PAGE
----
German Football Association (DFB) president Reinhard Grindel has played down talk of a 2018 World Cup boycott, amid ongoing frictions between Russia and the western world over the conflict in Syria.
Tensions have risen over the past week after the United States suspended talks with Russia and accused the Kremlin of being part of a Syrian Air Force operation in the bombing of the besieged city of Aleppo.
There have been calls for Russia to be stripped of the 2018 World Cup due to its role in the Syria conflict, the ongoing war in Ukraine and its state-sponsored doping program, which has links to FIFA executive committee member Vitaly Mutko, who also serves as the nation's Sports Minister.
However, in mid-September FIFA president Gianni Infantino said football should see the 2018 World Cup "as a chance [for Russia] rather than trying to be a negative."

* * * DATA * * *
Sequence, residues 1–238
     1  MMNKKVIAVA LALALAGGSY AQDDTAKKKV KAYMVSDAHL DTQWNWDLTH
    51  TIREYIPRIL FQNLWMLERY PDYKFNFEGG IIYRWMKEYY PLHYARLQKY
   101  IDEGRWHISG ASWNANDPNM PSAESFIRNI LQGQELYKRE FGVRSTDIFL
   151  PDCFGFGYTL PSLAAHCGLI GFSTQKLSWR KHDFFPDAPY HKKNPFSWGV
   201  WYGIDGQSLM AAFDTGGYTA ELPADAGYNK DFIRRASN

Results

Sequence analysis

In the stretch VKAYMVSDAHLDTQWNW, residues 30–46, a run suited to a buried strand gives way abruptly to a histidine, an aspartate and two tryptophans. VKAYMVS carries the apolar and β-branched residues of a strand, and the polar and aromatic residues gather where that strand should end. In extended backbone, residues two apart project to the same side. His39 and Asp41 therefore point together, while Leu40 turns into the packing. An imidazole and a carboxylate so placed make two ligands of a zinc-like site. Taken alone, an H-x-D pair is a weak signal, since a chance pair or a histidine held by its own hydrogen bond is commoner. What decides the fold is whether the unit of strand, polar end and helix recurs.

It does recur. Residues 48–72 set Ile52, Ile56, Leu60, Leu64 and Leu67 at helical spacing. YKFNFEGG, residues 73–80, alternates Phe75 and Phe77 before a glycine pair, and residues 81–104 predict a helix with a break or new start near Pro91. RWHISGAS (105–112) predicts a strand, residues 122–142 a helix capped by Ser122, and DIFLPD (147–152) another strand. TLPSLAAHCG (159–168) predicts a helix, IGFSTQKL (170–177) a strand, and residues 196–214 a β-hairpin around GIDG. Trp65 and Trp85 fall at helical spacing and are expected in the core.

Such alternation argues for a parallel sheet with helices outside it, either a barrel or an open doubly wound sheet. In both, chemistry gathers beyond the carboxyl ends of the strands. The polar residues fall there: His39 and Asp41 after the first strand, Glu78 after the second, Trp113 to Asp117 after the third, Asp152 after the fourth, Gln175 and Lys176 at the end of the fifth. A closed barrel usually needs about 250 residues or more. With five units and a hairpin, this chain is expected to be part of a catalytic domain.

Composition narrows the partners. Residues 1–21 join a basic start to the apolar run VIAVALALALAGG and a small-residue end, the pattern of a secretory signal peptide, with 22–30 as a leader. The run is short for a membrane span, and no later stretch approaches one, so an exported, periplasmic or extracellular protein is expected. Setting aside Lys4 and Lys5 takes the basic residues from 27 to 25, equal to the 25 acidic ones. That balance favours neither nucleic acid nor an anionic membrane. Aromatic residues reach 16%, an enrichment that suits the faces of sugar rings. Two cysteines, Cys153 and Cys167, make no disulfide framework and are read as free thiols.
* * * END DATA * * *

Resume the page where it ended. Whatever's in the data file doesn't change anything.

And speaking to Bild on Monday, DFB chief Grindel also cooled talks of a possible World Cup boycott.
"The sorrow of many innocent people in Aleppo and other Syrian cities is unbearable, and has to finally come to an end," Grindel said when asked if he believes Russia are still suitable hosts for the World Cup. "Just like it is decisive there is a fast and binding peace solution for Syria, sport has to act in unifying and peacefully bringing together people beyond all political and religious borders.
"In this context, I do not think it makes sense to boycott the 2018 World Cup, even more so because it had no positive effect in Moscow 1980 [when the western world boycotted the Olympic Games]."
Grindel, a former member of the German parliament for the governing party CDU, added the DFB would rather address the human rights situation "in personal talks with the World Cup organising committee and the Russian FA."